For some time now, I’ve wondered (and written) about the way that “lasts” occur in our lives. Especially when it comes to the growth of our kids. We pay so much attention to the first time they walk, that we don’t think about how it’s also the last time they’ll crawl — out of necessity at least. Firsts are celebrated so enthusiastically, that the lasts tend to take a backseat and are often simply overlooked. But from the perspective of a sentimental parent (which I am), it’s sometimes difficult to let go of the milestones of the past.
Last week my mom mentioned how Joey and Gianna no longer said their favorite catch phrase when people leave. For the last couple years, anytime Dani or I would leave the house they would chase us to the door and yell, “Make sure your tires don’t go flat, get food for us!”
I’m not sure exactly how that mantra came to be, only that the “get food for us” part came later, once they realized that it was within our power to bring them a meal on our way back. I thought for a moment about what my mom said and realized she was right. I couldn’t remember the last time I was sent off with that chorus combination of well wishes and demands.
It’s kind of sad, but the reality is, the well wishes and demands will likely never end, they’ll just evolve. I can envision it going from “Make sure your tires don’t go flat, get food for us” to “Dad I got a flat tire, can you pick me up? Bring some food, too.”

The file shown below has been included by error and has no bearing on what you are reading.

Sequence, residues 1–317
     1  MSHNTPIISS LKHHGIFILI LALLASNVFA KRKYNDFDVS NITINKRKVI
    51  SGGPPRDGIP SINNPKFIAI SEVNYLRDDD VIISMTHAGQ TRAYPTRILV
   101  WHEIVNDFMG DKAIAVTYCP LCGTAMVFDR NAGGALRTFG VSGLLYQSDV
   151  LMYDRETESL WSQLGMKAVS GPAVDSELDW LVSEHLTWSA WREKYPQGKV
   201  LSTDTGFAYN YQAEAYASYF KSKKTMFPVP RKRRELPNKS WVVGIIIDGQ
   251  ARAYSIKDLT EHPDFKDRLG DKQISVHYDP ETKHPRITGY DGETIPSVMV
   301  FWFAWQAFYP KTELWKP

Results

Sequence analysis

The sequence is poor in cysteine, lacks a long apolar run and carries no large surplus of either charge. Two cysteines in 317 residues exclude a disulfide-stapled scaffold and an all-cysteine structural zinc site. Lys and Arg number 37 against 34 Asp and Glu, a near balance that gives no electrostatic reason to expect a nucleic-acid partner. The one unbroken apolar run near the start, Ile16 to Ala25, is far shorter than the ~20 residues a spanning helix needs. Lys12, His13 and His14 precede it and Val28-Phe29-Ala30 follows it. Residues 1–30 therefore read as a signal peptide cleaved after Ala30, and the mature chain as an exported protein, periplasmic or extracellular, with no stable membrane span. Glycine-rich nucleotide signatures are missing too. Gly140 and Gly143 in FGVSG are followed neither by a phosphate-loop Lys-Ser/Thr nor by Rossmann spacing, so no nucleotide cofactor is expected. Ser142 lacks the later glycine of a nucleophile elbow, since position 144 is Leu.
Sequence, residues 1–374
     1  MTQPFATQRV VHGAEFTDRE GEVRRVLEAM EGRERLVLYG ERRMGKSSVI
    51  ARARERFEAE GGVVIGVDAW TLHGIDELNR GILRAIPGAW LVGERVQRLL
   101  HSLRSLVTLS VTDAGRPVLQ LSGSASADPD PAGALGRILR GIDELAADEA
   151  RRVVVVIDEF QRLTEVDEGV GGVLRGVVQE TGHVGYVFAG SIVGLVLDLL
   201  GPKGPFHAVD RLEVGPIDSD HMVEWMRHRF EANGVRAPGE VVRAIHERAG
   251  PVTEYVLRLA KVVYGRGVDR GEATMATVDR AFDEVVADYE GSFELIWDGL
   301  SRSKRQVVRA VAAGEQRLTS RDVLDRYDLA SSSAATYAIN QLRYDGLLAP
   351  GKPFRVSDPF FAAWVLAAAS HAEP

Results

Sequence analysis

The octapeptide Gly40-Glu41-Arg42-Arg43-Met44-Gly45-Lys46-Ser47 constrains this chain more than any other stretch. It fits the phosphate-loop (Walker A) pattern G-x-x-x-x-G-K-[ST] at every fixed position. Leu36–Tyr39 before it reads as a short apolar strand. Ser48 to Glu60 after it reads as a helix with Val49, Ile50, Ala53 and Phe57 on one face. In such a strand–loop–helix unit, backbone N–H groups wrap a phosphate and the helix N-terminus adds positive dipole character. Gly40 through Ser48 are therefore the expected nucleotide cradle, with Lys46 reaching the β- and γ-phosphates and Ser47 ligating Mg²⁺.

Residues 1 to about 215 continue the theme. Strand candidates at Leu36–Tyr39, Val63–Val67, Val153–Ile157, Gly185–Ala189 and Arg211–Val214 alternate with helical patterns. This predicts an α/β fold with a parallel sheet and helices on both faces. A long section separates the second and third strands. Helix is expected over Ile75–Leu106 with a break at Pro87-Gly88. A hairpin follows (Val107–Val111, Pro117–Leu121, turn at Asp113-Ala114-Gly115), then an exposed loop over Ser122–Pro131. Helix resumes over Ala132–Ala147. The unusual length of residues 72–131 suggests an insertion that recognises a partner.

I’m sentimental by nature, sometimes to a fault. But I am also an optimist. If I think about this objectively, there’s a lot that can be put into perspective. Things change. Firsts and lasts come and go during our own lives and the lives of our children. It’s part of the process of growing, learning, and getting better. In that respect, we should welcome these last times. They’re gateways to even better days. Still, no matter how much of a positive spin I try to put on it, I’ll miss being serenaded with that particular, and now historic, chorus of well wishes and demands.
A while back I wrote another post about this same idea of how we all quietly outgrow certain times in our lives. That story was selected to be published in an upcoming book called “Dads Behaving Dadly 2: 72 More Truths, Tears, and Triumphs of Modern Fatherhood.” The book is on preorder now, and will be released on June 5.
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